Today's Oshkosh Action Photo

By James Fallows

In my other life, I would have spent this past week and the next few days in Oshkosh, WI, for the annual "EAA Airventure" show/fly-in. This is where many hundreds of thousands of enthusiasts amass, along with 10,000+ aircraft, for the equivalent of a sustained Harley rally, with wings. (Or rotors.) My wife came with me once, in 2001. Miraculously, we have remained married, and I've gone to several since then on my own.

I have an update on Airventure-related aviation news, for deployment in the next day or two. For now, an action photo. With so many airplanes pouring in, during so concentrated a period, little Wittman field at Oshkosh is for a while the busiest airport in the world. A narrow taxiway is turned into a temporary "runway"; often two or more planes may land on the same runway at the same time -- one pilot told to aim for a colored dot near the beginning, another at a dot a few thousand feet down, etc. A PDF of the FAA's "NOTAM" [Notice to Airmen] on how to survive this process is here; an exhortation to do it safely is here, and extra info here. An AVweb video of the whole scene from above is here.

Unsurprisingly, there is usually at least one bad Airventure-related accident each year. I am not aware of any fatalities yet this time, but the big news was the "pancaked" landing of a Premier Jet flown by Jack Roush, a NASCAR team owner. He and his passenger are injured but reportedly "stable." My point in mentioning it is a dramatic photo by Brian Flanagan of the plane as it veers away from the runway, toward a flopping landing on the surrounding grass, and also toward a group of photographers. (Click for larger and clearer version.)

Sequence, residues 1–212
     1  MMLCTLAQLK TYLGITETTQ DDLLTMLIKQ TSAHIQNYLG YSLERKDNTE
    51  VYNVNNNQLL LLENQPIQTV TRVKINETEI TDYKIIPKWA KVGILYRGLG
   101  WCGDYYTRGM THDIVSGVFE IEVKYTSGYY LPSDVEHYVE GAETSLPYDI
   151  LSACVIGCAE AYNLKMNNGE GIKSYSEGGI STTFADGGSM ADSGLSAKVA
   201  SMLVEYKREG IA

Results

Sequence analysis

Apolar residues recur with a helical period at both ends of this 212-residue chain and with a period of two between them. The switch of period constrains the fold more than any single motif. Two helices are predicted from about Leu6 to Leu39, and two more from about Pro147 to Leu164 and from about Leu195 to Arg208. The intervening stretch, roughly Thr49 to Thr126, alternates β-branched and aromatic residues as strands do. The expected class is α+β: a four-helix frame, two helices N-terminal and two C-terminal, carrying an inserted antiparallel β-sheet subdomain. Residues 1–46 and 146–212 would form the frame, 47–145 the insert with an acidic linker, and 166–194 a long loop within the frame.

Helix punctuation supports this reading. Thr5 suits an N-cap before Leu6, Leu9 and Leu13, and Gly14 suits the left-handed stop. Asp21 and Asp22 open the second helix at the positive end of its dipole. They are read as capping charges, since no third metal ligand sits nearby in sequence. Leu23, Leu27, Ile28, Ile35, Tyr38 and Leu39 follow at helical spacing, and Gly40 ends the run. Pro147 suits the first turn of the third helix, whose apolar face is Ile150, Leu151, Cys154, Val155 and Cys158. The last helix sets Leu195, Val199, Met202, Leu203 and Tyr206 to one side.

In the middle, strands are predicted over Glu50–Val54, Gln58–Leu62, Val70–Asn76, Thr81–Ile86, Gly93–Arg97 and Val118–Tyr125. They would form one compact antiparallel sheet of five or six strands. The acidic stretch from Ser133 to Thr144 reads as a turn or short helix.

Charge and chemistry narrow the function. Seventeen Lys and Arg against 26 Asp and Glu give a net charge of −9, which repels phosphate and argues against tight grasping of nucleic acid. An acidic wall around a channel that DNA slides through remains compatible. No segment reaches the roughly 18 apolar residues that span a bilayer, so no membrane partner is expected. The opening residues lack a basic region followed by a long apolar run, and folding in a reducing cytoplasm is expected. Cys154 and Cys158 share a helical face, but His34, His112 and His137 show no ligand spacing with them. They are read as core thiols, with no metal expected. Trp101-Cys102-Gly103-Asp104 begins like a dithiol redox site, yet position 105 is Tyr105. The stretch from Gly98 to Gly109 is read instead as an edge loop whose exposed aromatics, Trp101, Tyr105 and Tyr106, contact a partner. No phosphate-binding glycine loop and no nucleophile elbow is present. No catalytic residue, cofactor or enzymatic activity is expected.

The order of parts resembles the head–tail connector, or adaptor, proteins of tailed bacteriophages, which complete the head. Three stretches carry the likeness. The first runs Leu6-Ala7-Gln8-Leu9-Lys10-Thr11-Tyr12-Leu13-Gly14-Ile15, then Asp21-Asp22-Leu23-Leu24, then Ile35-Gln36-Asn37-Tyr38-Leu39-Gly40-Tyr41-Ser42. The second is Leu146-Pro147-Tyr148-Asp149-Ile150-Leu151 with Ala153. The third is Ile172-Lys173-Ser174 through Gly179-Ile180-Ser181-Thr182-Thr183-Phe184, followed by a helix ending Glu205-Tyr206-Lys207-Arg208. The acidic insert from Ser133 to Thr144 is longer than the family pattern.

Thumbnail image for OshkoshCrash.jpg

This and several other images by Flanagan, plus audio of the controllers talking to the plane, come from the indispensable AVweb, here. To me the drama of the photo is the varying split-second reaction of the onlooker/photogs in the foreground. The ones on the left are running for their lives, as the one on the right is preparing to. The one near the center is reaching down to get his bag. And of course Flanagan himself is standing somewhere in the vicinity to take this shot. One second earlier they all would have been observing just another in the endless stream of arriving aircraft, not knowing it was about to head their way. (In reality the plane stopped before it got to where they are standing, but they couldn't have counted on that at the time.)

This article available online at:

http://www.theatlantic.com/national/archive/2010/07/todays-oshkosh-action-photo/60718/